Economists taking part in Thursday’s United Forum in Beijing have forecast an upbeat Chinese economy for the rest of the year.
They say the remainder of the year will see more advantages than disadvantages as the central government continues to implement a pro-active fiscal policy and sound monetary policy.
"This plays a decisive role in the country's economic development," they aid.
The economists agreed that people's enthusiasm to speed up production before the 16th National Congress of the Chinese Communist Party would also be beneficial to increasing investment and consumption.
Liang Youcai, a senior economist with the State Information Center, said the Chinese economy was also enjoying a favorable external environment after becoming a member of the World Trade Organization in December.
During the first half of the year, China enjoyed a trade surplus of US$14.3 billion.
Meanwhile, the country ushered in US$24.6 billion of foreign direct investment.
Liang said the trend would continue in the second half of the year.
"The Chinese economy is expected to grow 7.7 per cent in 2002," he said.
Bei Hejin, a senior member of the Macroeconomic Research Institute of the State Development Planning Commission, agreed with Liang, adding that the country's economy would continue to grow at 7 to 8 per cent in the coming several years.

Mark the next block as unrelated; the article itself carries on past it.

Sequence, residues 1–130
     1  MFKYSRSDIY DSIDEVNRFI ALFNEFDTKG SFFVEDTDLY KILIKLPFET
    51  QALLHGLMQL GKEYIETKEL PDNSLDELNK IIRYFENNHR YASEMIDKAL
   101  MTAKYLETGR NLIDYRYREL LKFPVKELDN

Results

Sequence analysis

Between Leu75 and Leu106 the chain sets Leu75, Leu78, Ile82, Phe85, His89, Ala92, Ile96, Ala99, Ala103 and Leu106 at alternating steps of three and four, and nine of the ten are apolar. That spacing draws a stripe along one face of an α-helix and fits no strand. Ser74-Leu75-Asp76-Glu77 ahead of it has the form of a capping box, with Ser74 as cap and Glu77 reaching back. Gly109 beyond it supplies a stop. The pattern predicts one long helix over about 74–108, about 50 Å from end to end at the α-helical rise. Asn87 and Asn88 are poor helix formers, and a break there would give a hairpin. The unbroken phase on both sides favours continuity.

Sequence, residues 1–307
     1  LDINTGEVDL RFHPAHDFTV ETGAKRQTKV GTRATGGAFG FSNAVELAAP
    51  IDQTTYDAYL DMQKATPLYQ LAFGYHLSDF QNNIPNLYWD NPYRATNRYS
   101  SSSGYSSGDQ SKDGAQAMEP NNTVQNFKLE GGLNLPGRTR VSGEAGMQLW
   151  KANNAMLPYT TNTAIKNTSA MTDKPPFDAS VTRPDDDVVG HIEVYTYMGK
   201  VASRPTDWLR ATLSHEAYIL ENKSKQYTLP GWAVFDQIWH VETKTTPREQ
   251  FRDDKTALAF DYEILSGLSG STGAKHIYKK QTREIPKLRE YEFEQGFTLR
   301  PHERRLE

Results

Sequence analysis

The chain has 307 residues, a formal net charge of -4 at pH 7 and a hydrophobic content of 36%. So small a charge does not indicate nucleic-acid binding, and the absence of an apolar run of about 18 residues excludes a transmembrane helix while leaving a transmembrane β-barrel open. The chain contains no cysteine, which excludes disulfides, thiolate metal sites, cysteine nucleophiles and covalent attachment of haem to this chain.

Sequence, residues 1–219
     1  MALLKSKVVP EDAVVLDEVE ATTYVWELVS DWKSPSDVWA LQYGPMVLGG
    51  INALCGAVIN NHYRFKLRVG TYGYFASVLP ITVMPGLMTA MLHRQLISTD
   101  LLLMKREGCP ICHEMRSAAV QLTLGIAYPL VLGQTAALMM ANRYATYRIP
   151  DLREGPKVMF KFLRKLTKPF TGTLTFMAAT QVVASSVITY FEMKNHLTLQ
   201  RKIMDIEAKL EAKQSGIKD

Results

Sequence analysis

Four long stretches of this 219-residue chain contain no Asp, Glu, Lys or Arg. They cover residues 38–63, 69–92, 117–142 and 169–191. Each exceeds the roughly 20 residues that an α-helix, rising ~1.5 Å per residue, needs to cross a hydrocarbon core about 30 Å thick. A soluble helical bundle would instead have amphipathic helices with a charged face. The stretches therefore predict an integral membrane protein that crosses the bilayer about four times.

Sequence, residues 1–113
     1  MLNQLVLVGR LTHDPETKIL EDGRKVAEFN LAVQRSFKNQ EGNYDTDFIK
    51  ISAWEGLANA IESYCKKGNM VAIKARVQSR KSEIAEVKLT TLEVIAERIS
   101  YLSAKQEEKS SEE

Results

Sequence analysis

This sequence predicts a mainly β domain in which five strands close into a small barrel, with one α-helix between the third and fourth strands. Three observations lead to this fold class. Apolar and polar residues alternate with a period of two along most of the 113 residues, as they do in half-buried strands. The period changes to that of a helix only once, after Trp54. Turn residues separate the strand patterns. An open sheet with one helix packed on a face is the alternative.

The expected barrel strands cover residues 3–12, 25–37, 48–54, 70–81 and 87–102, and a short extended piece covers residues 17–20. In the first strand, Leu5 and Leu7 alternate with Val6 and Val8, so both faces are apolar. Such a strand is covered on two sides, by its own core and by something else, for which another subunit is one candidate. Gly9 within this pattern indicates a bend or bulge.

Both Bei and Liang believed that the pro-active fiscal policy should not be phased out in the short term.
China has implemented the pro-active fiscal policy for five years. The fiscal policy played a key role in combating the Asian financial crisis and keeping China's economic growth at a higher rate amid the global economic slowdown.
Liang said the policy should be faded out in the long run because the continuous issuing of treasury bonds would increase debt risks.
But this should only be implemented under a number of conditions - if the government can find other measures to replace its fiscal policy and if private investment is strong enough to replace the State's existing investment.
The government will have to do a lot of work to stimulate private investment. Private companies need financial support and need to find profitable areas to invest.
The government should also consider the international economic situation before the fiscal policy phases out.
(China Daily August 2, 2002)